Democracy Favours Disruptive Design

Luke Vink

At this point I imagine you, dear reader, will be reading a lot of news about the state of politics, and as a young hopeful designer, probably quite shocked at the outcome of the US presidential election. We are once again a little fearful of the times we live in and the years ahead. You likely also feel a little powerless as an individual to change the world. I wish to offer an alternative thought, perhaps reignite that declaration you all likely have on your resumé. 

We have seen far too much evidence of design and technology influencing policy and very little the other way around. Take any example in recent memory of services given the dutiful title of “disruptive technology”. Uber, Airbnb, the iPod, Tesla’s electric vehicles, Tinder, the internet, the iPhone - the list is a lot bigger than this. Now consider the speed in which these products changed the way we do things. Finally, think of how many of these a US government official designed, built demand for and made a reality. Didn’t think so. Perhaps the most powerful tool we have in democracy (while we still have the ability to do it!) is disruptive design - and this my dear reader, is your speciality.

Consider one of the biggest problems our planet faces today, perhaps as a result of a century of rather careless design, Global Warming. Now, whether you believe in it or not, whether we created it or not is irrelevant, as I guarantee you will live long enough to suffer its effects. Let us consider the two directions we could go towards drastically changing the way people consume energy, meat, manufacture products and drive vehicles - the leading causes of carbon emissions. How would solving this problem look (as a best case scenario) from the perspective of a government and a designer or powerless individual like yourself?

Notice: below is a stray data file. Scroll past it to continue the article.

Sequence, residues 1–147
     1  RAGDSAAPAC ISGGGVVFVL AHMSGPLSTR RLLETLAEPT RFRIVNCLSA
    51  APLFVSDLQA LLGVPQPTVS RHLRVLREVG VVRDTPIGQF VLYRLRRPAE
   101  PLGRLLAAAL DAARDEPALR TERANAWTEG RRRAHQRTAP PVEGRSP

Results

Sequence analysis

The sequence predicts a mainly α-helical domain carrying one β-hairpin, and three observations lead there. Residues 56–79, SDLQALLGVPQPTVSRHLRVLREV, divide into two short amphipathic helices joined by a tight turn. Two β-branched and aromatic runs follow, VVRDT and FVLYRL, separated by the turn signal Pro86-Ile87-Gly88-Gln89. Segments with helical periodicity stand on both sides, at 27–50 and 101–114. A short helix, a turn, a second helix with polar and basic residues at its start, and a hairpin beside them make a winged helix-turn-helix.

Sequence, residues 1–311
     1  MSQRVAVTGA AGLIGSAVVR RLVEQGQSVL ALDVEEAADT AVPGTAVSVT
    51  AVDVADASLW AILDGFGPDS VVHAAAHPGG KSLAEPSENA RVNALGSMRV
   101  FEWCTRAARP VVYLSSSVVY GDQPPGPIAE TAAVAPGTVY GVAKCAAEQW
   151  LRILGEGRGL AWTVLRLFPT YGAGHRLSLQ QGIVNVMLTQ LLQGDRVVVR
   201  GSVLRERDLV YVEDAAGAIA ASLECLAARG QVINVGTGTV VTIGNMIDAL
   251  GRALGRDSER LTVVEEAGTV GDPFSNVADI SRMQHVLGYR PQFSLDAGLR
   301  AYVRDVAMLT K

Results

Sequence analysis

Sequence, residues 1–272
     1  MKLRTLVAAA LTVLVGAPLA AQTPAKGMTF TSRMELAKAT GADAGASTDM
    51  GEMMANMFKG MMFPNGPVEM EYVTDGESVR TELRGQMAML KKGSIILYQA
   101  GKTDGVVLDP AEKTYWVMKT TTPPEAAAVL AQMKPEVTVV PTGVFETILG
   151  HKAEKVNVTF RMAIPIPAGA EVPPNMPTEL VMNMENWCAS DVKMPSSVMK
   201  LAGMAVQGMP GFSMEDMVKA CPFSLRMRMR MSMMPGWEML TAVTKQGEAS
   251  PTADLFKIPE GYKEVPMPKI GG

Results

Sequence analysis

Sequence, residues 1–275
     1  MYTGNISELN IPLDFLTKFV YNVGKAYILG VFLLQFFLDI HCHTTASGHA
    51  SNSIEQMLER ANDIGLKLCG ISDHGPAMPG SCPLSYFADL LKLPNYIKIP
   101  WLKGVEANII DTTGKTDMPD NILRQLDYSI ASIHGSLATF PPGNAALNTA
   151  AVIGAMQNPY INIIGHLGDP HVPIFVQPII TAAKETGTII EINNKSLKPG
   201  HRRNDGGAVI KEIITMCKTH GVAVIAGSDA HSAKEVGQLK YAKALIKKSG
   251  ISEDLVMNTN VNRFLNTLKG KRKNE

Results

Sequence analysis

In addition to this, the world despite any election cycle is pretty much on your side. Take the auto industry. On paper, the reasons we are blown away with uber and self driving cars is firstly the fact that we can be that much more lazy, however in addition - we can feel better about our laziness at the same time. These transport directions promote ride-sharing and the companies building them share our vision for change and they will continue to do so as customers expect them to. They also don't need to make any new policies to make it happen - just generate demand. It is a good illustration of why sustainability is such an important source of disruptive innovation. The imperatives that it addresses are not going to go away. When the direction of travel is so clear, the sensible thing is to design better methods, not build up regulations, sue uber or ‘streamline permits to drill on federal land’. None of this matters when cleaner energy and sustainable solutions are in such high demand. If anything, our new comedian of a US president is going to propel the demand for these products and services all by himself. 

Ok so theres demand, but where do we start thinking? What’s the brief? At the MIT Media Lab in Boston I would often defer to the MIT Solve approach to the worlds scariest wicked problems. Solve splits the problems into four major pillars; Learn, Cure, Fuel and Make. Whether you are an engineer, scientist, designer, artist or business oriented individual you can have a good idea. The lovely thing about the wicked problems like these is that the demand is there, oh and it’s worldwide. 

Hopefully after reading this you feel a little more powerful. While it may not be apparent to you, the democratic American government is swayed by supply and demand, just like everyone else. Democracy was built this way. If you can create something that people demand while holding on to the values you claim the half of the world is forgetting (environment, social equality, international unity - take your pick), what you create WILL change the planet and will do it a hell of a lot quicker than voting in a new president.

Luke Vink hails originally from New Zealand, grew up in Singapore, studied in the Netherlands and Boston, worked in China and now lives in Ireland. He believes that making things that matter requires the ability to balance a deep understanding of technology, the arts and most importantly, the good intentions of the very people that will use them. Most recently, he graduated from the MIT Media Lab with a master’s degree from the Tangible Media Group. In this, he focused on physical, tangible computer interfaces to leverage the senses most interfaces of today neglect, you can take a look at some of his work here.

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